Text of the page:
Approach to OSAS
Table of Contents
Obstructive Sleep Apnea Syndrome (OSAS) is a condition in which a person experiences repetitive upper airway obstruction leading to sleep fragmentation, oxygen desaturation, and stimulation of the cardiovascular system.
The treatment is planned according to the severity of symptoms and grade of OSAS which is calculated according to the Epworth Sleepiness Scale (ESS) and other factors.
Conservative treatment is best for people with mild OSAS.
- Weight loss
- Avoid alcohol or sleeping pills etc
- Sleep in position with least snoring with help of pillows or support.
- Use nasal sprays or decongestants if you have nose or sinus issues.
- C-PAP (Continuous Positive Airway Pressure)
When the muscles of your throat relax and the muscles collapse the airway causing difficulty in breathing in such conditions the machine pushes positive air through a mask causing relief from the OSAS and even reducing or resolving snore completely.
- Bi-PAP (Bi-Level Positive Airway pressure)
It’s also a Positive airway machine like C-PAP but unlike C-PAP it provides steam at less pressure so the patient is able to exhale out, which is a problem with C-PAP machines.
- ASV Machine (Adapto Servo Ventilation Machine)
It adapts and adjusts the air according to your breathing.
- VPAP (Variable Positive Airway Pressure)
It provides variable positive pressure according to the breathing requirement of the patient.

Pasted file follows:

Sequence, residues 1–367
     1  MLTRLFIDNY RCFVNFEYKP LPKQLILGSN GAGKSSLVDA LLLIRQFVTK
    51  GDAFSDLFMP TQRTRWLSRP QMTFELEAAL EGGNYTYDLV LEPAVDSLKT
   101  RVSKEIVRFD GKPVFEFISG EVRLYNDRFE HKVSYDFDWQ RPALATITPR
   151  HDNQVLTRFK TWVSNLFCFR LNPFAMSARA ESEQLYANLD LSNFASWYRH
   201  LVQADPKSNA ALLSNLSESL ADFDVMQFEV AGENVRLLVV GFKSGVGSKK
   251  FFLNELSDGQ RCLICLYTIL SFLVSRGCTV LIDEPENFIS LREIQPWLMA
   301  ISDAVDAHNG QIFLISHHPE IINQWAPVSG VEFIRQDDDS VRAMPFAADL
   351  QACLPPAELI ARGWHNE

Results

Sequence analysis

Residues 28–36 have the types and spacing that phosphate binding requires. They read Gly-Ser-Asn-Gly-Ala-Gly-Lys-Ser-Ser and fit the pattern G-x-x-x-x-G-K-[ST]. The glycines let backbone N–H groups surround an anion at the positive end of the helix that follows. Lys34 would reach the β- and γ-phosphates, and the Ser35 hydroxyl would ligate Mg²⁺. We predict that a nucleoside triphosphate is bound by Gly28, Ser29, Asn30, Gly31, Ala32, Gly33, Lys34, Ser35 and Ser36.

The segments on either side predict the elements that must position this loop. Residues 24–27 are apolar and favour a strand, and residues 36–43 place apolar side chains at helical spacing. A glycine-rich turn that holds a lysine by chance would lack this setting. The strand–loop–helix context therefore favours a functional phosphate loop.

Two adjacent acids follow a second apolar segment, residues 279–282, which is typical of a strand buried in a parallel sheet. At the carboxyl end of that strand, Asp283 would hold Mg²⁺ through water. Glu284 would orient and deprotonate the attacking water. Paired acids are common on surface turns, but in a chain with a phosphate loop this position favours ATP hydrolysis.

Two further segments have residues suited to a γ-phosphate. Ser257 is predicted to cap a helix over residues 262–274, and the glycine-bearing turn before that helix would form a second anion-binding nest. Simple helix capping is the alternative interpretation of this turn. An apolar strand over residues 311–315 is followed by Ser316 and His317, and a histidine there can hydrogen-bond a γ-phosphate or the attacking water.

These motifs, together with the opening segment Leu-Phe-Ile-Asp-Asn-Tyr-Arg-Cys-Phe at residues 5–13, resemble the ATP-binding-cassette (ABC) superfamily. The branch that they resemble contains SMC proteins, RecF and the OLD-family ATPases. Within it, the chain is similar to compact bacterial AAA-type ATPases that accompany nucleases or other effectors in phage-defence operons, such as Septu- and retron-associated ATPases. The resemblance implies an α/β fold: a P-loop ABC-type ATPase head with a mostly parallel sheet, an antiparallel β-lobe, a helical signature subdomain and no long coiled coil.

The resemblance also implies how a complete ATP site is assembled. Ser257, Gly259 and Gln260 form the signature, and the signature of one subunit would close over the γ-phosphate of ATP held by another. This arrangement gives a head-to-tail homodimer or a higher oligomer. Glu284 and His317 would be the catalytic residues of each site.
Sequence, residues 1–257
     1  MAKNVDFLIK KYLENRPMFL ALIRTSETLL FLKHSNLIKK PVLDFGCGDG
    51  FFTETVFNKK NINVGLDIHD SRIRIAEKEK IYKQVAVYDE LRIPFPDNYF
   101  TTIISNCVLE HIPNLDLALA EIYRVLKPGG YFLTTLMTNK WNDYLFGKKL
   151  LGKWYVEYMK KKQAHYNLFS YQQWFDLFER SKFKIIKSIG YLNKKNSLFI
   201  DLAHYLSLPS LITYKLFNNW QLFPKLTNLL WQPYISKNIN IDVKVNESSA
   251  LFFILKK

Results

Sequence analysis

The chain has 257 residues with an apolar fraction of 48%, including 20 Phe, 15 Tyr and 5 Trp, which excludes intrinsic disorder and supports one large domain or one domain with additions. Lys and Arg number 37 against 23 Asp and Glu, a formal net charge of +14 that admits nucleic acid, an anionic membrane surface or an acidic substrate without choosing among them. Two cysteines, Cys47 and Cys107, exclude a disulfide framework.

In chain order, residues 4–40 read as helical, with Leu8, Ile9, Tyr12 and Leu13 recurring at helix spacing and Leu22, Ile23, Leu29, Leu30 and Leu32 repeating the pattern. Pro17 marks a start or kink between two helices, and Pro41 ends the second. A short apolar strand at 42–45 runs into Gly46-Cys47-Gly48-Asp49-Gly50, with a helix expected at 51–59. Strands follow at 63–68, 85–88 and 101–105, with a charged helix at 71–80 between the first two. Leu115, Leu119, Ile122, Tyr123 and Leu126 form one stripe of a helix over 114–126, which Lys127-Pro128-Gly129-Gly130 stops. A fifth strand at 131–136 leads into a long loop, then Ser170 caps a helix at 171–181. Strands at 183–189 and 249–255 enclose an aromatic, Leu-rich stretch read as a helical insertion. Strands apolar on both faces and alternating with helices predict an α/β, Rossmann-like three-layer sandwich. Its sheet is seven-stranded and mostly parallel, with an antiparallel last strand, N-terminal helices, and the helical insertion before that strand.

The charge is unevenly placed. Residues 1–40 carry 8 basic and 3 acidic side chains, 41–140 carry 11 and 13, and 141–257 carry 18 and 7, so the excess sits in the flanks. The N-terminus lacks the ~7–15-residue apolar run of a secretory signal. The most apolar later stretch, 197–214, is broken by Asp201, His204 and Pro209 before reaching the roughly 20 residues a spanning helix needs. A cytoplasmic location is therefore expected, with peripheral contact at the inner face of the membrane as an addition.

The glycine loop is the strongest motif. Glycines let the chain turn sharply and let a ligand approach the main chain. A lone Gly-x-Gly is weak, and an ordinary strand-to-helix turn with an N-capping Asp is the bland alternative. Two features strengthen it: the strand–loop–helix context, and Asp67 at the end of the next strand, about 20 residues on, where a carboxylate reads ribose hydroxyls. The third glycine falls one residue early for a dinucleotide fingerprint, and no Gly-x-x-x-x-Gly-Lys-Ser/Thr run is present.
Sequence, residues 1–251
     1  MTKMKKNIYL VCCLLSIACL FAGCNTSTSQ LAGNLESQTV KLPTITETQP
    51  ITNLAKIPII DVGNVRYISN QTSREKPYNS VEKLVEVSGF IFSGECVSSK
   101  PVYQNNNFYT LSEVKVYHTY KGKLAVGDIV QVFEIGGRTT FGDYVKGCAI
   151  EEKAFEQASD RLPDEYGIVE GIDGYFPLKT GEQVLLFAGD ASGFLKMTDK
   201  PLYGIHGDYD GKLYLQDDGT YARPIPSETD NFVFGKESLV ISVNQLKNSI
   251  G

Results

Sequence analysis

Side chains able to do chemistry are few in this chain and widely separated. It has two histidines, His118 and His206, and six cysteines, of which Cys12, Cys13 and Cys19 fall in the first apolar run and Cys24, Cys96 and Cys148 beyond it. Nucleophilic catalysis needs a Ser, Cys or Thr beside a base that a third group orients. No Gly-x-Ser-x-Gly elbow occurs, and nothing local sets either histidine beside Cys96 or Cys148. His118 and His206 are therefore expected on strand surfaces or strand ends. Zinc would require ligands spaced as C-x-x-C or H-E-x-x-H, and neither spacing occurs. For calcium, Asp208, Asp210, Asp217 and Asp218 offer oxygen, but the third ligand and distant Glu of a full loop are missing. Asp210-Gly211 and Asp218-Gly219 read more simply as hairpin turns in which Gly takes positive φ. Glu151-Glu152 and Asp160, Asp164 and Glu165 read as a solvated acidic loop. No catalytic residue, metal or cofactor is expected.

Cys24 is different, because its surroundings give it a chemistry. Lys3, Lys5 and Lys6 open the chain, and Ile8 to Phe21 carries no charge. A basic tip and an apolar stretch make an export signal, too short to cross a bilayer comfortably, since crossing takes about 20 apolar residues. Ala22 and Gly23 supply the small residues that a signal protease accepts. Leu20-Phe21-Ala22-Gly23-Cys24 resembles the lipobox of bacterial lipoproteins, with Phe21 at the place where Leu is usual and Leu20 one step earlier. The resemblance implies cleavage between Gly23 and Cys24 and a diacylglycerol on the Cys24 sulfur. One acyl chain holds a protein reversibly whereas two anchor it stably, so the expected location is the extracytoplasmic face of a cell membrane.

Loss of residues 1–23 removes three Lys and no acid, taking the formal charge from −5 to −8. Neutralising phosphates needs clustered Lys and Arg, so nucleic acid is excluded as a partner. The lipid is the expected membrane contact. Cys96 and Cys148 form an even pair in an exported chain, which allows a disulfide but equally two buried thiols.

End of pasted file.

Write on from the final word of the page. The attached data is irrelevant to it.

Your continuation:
Mechanical ventilation seems difficult to manage but they’re quite easy with masks and airways.
Mandibular Advancement Devices:
These are dental implants that work on advancing the jaw forward to avoid the tongue from causing throat obstruction.
The last treatment option of OSAS is Surgery. There are various proposed surgeries to reduce the obstruction according to the level and severity of obstruction.
- Septoplasty or Functional Endoscopic Sinus Surgery (FESS): The nose is the foremost reason of obstruction so treating nasal causes is the first step in reducing nasal obstruction.
- UvuloPalatoPharyngoplasty (UPPP): it reduces the bulk of the soft palate, anterior pillars, or uvula causing obstruction and sleep apnea. It works on increasing the space at the back of the throat.
- Tonsillectomy: at times the enlarged tonsils also obstruct the airway causing OSAS.
- Radiofrequency Ablation: It reduces the soft tissue bulk of the soft palate and causes stiffness of the palate. It reduces obstruction and snoring.
- Hypoglossal Nerve Stimulator: the stimulator is implanted in between the rib. At night it could be activated by a remote & it continuously sends impulses to the tongue so that it doesn’t fall back and block the airway.
There are many approved and non-approved treatment methods for OSAS. These are the most common treatment modalities of Sleep Apnea.
I hope my post was helpful to all of you and I hope you like the post.
Be hooked on my blog for more useful and authentic medical topics.
Happy Napping to All.
Disclaimer: This article is for reference purposes only, under no circumstances it should be used as a replacement for medical opinion by Professionals. Any decision regarding health and health care should be taken after professional advice only. Health care advice and information shared by the author are best to her knowledge. We disclaim all responsibilities for any inadvertent omission/ commission by the author or the website.